(This article belongs to the Special Issue New Synthetic Methodology for Drug-Like Molecules)
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6 pages, 499 KiB  
Article
Ultrasound-Assisted Synthesis of 4-Alkoxy-2-methylquinolines: An Efficient Method toward Antitubercular Drug Candidates
by Ana Flávia Borsoi, Josiane Delgado Paz, Kenia Pissinate, Raoní Scheibler Rambo, Víctor Zajaczkowski Pestana, Cristiano Valim Bizarro, Luiz Augusto Basso and Pablo Machado
Molecules 2021, 26(5), 1215; https://doi.org/10.3390/molecules26051215 - 24 Feb 2021
Cited by 9 | Viewed by 2014
Abstract
Tuberculosis (TB) has been described as a global health crisis since the second half of the 1990s. Mycobacterium tuberculosis (Mtb), the etiologic agent of TB in humans, is a very successful pathogen, being the main cause of death in the population among infectious [...] Read more.
Tuberculosis (TB) has been described as a global health crisis since the second half of the 1990s. Mycobacterium tuberculosis (Mtb), the etiologic agent of TB in humans, is a very successful pathogen, being the main cause of death in the population among infectious agents. In 2019, it was estimated that around 10 million individuals were contaminated by this bacillus and about 1.2 million succumbed to the disease. In recent years, our research group has reported the design and synthesis of quinoline derivatives as drug candidates for the treatment of TB. These compounds have demonstrated potent and selective growth inhibition of drug-susceptible and drug-resistant Mtb strains. Herein, a new synthetic approach was established providing efficient and rapid access (15 min) to a series of 4-alkoxy-6-methoxy-2-methylquinolines using ultrasound energy. The new synthetic protocol provides a simple procedure utilizing an open vessel system that affords the target products at satisfactory yields (45–84%) and elevated purities (≥95%). The methodology allows the evaluation of a larger number of molecules in assays against the bacillus, facilitating the determination of the structure–activity relationship with a reduced environmental cost. Full article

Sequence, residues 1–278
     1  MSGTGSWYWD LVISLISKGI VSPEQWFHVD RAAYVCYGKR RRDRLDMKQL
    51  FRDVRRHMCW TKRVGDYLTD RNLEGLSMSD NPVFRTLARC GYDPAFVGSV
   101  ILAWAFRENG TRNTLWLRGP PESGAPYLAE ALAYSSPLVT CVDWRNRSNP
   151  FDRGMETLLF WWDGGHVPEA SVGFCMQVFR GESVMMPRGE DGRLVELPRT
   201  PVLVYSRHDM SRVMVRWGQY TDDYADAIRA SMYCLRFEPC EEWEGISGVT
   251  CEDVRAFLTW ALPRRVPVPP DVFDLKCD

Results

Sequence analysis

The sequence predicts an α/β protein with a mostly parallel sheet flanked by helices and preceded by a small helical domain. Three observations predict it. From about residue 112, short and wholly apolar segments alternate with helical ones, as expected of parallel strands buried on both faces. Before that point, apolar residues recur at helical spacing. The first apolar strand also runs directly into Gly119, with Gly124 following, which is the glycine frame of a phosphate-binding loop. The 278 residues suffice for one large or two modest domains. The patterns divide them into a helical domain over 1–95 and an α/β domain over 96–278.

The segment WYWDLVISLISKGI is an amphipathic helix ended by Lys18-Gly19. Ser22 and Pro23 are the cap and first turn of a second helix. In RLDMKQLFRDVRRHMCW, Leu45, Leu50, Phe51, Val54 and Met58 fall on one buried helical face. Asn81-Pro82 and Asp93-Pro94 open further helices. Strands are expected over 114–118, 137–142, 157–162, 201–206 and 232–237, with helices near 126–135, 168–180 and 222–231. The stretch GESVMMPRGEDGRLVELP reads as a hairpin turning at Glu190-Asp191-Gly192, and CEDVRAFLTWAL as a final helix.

(This article belongs to the Special Issue New Synthetic Methodology for Drug-Like Molecules)

Review

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21 pages, 11557 KiB  
Review
Synthetic Methods of Phosphonopeptides
by Jiaxi Xu
Molecules 2020, 25(24), 5894; https://doi.org/10.3390/molecules25245894 - 12 Dec 2020
Cited by 7 | Viewed by 2532
Abstract
Phosphonopeptides are phosphorus analogues of peptides and have been widely applied as enzyme inhibitors and antigens to induce catalytic antibodies. Phosphonopeptides generally contain one aminoalkylphosphonic acid residue and include phosphonopeptides with C-terminal aminoalkylphosphonic acids and phosphonopeptides with a phosphonamidate bond. The phosphonamidate bond [...] Read more.
Phosphonopeptides are phosphorus analogues of peptides and have been widely applied as enzyme inhibitors and antigens to induce catalytic antibodies. Phosphonopeptides generally contain one aminoalkylphosphonic acid residue and include phosphonopeptides with C-terminal aminoalkylphosphonic acids and phosphonopeptides with a phosphonamidate bond. The phosphonamidate bond in the phosphonopeptides is generally formed via phosphonylation with phosphonochloridates, condensation with coupling reagents and enzymes, and phosphinylation followed by oxidation. Pseudo four-component condensation reaction of amides, aldehydes, alkyl dichlorophosphites, and amino/peptide esters is an alternative, convergent, and efficient strategy for synthesis of phosphonopeptides through simultaneous construction of aminoalkylphosphonic acids and formation of the phosphonamidate bond. This review focuses on the synthetic methods of phosphonopeptides containing a phosphonamidate bond. Full article
(This article belongs to the Special Issue New Synthetic Methodology for Drug-Like Molecules)